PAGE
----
The British Empire may be the stuff that history books are full of and which costume dramas are made of, but at least it has a new Commander -- Nigel Eastaway. This year's British New Years Honours List confirms that Nigel has been awarded the status of CBE -- a Commander of the Most Excellent Order of the British Empire.
According to awardsintelligence.co.uk a CBE is awarded for
"• a prominent national role of a lesser degree orNigel is one of the founder authors of Intellectual Property Law and Taxation, now in its 7th edition and written together with fellow founder-author Richard Gallafent, plus Victor Dauppe and Jacquelyn Kimber. This Kat still recalls his pleasure and excitement at finding himself reading the first edition, which was both intelligible (itself a remarkable achievement for a book on tax law) and entertaining, with fictional case studies that have probably some value for social anthropologists as well as legal and tax advisers. Merpel adds, it's time we honoured Richard Gallafent too, for Services to British Beards if nothing else. He already has 27 letters after his name, but we don't think he has reached the limit ...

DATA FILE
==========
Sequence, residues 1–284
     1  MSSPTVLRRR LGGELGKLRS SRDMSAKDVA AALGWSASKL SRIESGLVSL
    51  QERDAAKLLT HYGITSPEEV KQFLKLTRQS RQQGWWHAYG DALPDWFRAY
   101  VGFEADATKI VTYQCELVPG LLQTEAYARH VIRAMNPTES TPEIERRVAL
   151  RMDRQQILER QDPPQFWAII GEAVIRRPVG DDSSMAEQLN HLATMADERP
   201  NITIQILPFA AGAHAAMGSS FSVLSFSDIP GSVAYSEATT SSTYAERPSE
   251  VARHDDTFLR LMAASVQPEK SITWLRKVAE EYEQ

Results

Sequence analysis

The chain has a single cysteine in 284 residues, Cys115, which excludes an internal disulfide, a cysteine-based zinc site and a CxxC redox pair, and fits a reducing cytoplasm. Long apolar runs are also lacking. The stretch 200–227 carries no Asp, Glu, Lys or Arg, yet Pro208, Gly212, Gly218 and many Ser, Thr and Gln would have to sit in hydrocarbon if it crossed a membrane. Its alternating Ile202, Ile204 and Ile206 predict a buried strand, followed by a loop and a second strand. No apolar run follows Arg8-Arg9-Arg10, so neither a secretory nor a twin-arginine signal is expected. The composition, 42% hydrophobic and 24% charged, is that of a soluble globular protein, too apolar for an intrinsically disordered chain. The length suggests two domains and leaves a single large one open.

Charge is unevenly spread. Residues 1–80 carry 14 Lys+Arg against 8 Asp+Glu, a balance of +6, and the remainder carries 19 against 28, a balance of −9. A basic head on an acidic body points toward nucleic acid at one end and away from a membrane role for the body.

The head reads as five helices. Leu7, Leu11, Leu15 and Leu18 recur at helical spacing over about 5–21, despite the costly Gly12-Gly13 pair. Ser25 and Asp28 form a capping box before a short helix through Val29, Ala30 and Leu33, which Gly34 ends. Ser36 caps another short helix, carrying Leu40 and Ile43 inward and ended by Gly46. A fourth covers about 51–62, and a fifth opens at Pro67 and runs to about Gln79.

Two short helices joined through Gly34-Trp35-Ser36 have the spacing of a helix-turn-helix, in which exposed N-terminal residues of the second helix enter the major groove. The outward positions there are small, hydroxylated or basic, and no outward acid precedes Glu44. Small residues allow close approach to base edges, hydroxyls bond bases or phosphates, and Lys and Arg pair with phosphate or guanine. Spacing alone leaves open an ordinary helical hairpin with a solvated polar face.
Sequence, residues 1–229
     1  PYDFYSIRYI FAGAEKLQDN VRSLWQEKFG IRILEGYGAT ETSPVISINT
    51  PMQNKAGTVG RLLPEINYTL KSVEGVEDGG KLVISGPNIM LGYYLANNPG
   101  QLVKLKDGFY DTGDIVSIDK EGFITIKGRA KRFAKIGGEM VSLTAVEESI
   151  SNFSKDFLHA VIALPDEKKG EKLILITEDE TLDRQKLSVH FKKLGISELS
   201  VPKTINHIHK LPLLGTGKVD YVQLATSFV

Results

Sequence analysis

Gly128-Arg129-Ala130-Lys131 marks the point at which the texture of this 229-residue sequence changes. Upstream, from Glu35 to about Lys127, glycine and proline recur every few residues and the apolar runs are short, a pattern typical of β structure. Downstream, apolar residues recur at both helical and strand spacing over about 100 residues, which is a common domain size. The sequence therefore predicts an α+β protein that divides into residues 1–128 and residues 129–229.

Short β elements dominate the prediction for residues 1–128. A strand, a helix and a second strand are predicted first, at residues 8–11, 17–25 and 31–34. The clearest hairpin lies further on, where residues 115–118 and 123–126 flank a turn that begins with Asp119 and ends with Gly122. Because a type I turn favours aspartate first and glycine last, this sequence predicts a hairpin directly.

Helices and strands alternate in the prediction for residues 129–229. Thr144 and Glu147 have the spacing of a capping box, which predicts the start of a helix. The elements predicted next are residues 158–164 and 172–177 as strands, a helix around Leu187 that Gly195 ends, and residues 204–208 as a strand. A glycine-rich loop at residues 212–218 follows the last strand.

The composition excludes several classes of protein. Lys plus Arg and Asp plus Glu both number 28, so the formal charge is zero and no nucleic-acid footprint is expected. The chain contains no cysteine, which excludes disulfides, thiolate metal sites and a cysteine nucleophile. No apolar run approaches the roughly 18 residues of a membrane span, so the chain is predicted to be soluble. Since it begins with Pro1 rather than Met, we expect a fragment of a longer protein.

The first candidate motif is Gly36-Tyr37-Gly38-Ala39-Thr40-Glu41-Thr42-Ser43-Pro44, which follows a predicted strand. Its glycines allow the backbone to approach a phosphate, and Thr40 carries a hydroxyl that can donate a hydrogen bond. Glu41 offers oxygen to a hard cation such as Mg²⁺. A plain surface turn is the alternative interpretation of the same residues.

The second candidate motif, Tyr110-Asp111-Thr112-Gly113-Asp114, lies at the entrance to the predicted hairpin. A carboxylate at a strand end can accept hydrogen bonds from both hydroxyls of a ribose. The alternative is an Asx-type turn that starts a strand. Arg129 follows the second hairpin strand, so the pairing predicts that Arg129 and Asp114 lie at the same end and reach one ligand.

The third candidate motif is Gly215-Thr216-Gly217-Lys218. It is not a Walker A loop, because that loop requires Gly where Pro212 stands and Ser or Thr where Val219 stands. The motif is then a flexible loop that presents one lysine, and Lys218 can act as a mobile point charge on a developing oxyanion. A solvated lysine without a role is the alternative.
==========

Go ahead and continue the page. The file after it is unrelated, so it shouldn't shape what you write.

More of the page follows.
• a conspicuous leading role in regional affairs, through achievement or service to the community or
• making a highly distinguished, innovative contribution in his or her area of activity".
|"If they want to review it, let them buy it first!"|
"Thank you for your interest. We do not offer our books on a review basis. We do offer a 30 day money back guarantee if you are not satisfied.This Kat, for one, is unimpressed. No journal is likely to pay to review new IP books for the benefit of their publishers. He wonders whether any other publishers are taking this line. Do please let him know!
Please let me know if you have any further questions.
[name withheld, to spare embarrassment]
"Stilton villagers banned from using own name on cheese. This post explains that
"Villagers are being forced to come up with a new title for the blue-veined cheese following a “ridiculous” ruling that prevents it officially being made outside three East Midlands counties.
The cheese – being sold by a local pub for the first time early next year – is now to be named “Bell Blue” while locals battle to have the ban overturned.
Liam McGivern, landlord of the Bell Inn, which is behind the move, said the rules meant they could not call it Stilton but could produce packaging saying “blue-veined cheese made in Stilton”.
"Anyone can make the cheese but they won't let us call it Stilton," he said. "We are going to challenge the [ruling] – that's the whole reason for making the cheese.” ...
The Stilton Cheese Makers Association claim that there is no relationship between the original version and the blue Stilton produced in modern times, which is a semi-soft cheese famed for its strong smell and taste.